Here's a poll so you can weigh in on the matter.
Create your free online surveys with SurveyMonkey
, the world's leading questionnaire tool.
Here are some video excerpts from what I used to make the compilation video.
While we were chatting, Jack showed me several videos from previous tests they
did. The video of gas flow measurement equipment data was jumping all over the
place: 95, 340, 157, 25, 460, 505, 354. The average might be 250 +/- 250. That's
not data I could put any weight in. It was that data that Jack showed to a
Berkely professor, who recommended that they hire third-party gas analysis
companies, which they did.
What impressed me the most were some videos of some earlier prototypes they had
built to put in cars to improve their mileage -- 42 percent in a trip from LA to
Vegas. They were putting off copious amounts of bubbles from their electrolysis
chambers. And Symphony 7 is "much better" than those. I shot a video
of their video:
An earlier prototype with co-centric cylinders, produced large bubbles, and
there was no soap present in the water.
Here are a few miscellaneous photos I shot. CLICK ON IMAGES FOR ENLARGEMENT.
Test equipment: anemometer (PMA82 by PYLE, with 186
cfm lower limit), multimeter, and two fittings: one for 1 1/4 inch opening, and
the other, with a 1/2 inch opening, to supply gas to the vacuumed qualitative
Hy-ALERTA, H2Scan, brought by Kennedyesque team.
Gas vacuum tanks provided by large third party testing agency for qualitative
analysis of the gas produced. Will be delivered Monday.
The tanks were at vacuum of -14.3 lbs, and 29.42 Hg.
used tap water
filled tank with about 24 gallons of tap water
Lid off, only team members can look inside. The circuitry is behind the power
supply, with plastic bags over them to protect from any water spillage.
3.5 V, 100 Amps. The power was turned on at around 3 pm EST.
3.5 volts; name of power supply
gas sample connection
voltage measured by multimeter
gas sample collection fitting, with ~1/2 inch bypass pipe
Suren M. is a PhD electrical engineer who does the circuitry. Ashot A. is a
Ph.D. mechanical engineer.
Michael A., Jack's brother, and their mother.
Vagarshak P., M.D., and his wife; Silvia, Ph.D. Inorganic Chemistry
Arsen A.; PhD Physics, Electronics specialist
Chris Munch, a filmmaker friend of mine, was present to get acquainted with the
team for possible documentary filming in the future.
likely manufacturing plant for future production; where Symphony 7 was built
A funny sign at the Denver airport: "Passengers Only beyond this
Water Tank Became Very Hot
One thing that it seems they are in denial about is that their water tank is
getting very hot.
In front of us, they filled it with tap water, which is going to be cool to the
touch at most. I noticed as I touched the tank, that it was getting hot. By the
end of the approximate 1.5 hours that they ran the device, it was so hot as to
almost give a burning sensation to touch it.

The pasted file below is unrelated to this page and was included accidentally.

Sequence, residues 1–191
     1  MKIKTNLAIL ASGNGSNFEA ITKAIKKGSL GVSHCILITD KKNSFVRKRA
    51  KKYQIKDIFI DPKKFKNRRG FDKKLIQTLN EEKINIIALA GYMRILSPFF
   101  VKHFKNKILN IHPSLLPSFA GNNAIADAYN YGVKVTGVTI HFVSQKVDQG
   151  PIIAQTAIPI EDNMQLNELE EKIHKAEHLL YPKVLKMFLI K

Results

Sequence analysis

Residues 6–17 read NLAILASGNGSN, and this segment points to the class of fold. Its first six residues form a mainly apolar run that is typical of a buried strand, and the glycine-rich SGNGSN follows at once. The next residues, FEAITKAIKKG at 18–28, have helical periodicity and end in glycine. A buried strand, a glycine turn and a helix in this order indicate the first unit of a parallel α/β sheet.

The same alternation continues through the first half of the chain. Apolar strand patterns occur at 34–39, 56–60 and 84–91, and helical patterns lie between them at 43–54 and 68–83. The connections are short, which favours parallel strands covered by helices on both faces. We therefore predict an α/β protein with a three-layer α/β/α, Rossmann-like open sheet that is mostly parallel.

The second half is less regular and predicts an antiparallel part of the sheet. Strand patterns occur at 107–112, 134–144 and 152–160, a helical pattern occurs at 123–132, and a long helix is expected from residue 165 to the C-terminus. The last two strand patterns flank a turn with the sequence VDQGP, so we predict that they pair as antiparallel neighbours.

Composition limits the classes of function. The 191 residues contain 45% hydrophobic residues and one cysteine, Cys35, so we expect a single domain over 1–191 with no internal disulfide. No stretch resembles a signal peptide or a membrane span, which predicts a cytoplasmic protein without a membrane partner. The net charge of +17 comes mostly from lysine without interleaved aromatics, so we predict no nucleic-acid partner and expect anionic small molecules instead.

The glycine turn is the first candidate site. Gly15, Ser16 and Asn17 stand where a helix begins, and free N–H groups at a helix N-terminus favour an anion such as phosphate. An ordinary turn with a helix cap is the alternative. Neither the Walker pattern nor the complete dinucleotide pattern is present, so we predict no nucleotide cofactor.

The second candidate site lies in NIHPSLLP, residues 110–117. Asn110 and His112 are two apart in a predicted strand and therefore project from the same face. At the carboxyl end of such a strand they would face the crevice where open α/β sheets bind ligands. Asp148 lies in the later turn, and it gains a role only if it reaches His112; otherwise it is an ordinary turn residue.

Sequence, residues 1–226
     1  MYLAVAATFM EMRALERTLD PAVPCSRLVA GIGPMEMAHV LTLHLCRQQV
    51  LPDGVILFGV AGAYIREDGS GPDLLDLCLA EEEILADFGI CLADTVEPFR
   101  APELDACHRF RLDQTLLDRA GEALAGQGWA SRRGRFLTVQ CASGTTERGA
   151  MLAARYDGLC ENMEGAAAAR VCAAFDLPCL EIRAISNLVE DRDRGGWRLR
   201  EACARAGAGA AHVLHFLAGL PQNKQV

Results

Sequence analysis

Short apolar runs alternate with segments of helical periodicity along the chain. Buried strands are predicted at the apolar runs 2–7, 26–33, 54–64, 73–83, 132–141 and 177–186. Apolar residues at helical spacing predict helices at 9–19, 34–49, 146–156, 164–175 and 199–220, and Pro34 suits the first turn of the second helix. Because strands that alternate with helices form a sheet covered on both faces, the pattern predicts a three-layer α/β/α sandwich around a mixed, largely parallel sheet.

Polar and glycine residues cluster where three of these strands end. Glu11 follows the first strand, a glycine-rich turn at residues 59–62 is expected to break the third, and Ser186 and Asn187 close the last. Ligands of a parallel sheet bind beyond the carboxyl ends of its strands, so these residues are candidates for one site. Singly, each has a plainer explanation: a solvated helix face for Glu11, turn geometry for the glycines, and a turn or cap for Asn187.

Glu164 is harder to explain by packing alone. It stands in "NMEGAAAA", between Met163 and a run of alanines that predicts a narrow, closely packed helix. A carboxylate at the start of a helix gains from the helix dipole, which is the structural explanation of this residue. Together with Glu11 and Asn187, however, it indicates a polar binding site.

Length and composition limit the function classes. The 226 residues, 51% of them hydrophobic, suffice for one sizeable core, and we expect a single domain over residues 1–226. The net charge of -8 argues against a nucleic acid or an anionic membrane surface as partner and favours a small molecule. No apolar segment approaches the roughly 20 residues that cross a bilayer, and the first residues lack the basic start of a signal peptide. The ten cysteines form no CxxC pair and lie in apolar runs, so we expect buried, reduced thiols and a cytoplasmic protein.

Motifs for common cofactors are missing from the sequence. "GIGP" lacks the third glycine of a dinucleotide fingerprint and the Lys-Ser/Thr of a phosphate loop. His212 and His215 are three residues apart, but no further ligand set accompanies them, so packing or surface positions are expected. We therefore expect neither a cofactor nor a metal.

They said the heat was due to it sitting out in the sun. I don't buy that at
all. Water has a lot of caloric value and would not heat that fast from the
California sun on the 97ΊF day. It might raise 1ΊF per half hour, but not
~40-60ΊF in 1.5 hours. (No one was taking temperature readings on the tank.)
In addition to more third-party qualitative and quantitative analysis, I
suggested that a good fool-proof demonstration would be to power a 2kW genset
with the hydrogen gas, and run the power supply from that genset. One of the
down-sides to that is that there can't be any impedance to the emerging gas. If
the 2 kW genset doesn't consume all the incoming gas, how do you vent off the
excess? From what I witnessed Friday, I know that the system can withstand at
least low pressure build-up. There were several times when they blocked the
emerging gas for short periods of time, less than 30 seconds, and you could see
the metal tank bulging. So if you just had a pressure relief valve, what is not
consumed by the genet could just vent off -- perhaps to a second genset, or a
They would have to be careful to have adequate backflash protection.
They've thought about doing this, and actually ordered a 50 kW genset that runs
on hydrogen, but didn't have the funds to purchase it. I would encourage them to
go simple with just a 2 kW genset, which would be within their budget, or could
be donated or loaned from someone in the LA area.
Another test that Fred Robinson (Tai's dad, who also works on the same hydrogen
conversion process) recommended, is to fill a balloon with a small amount of the
gas and take a match to it. HHO gas explodes, but pure hydrogen just burns (not
having the proper Oxygen mixture for explosion in that context). This would be a
simple way to demonstrate that the emitting gas is indeed close to pure
Speaking of follow-up, I should also mention that they said, "Symphony 9A
is much better." So I guess they have one in the oven.
Contact them directly by email: firstname.lastname@example.org
- - - -
And, as usual,
we're still getting by on donations, so your chipping in is what is keeping us
going as a news organization.
# # #
What You Can Do
- See Suggestions for How to Get Involved with the Roll-out of Exotic Free Energy
- Pass this on to your friends and favorite news sources.
- Donate to PES Network
to help us keep this news and directory and networking service going.
- Subscribe to our newsletter
to stay abreast of the latest, greatest developments in the free energy
- Let professionals in the renewable energy sector know about the promise of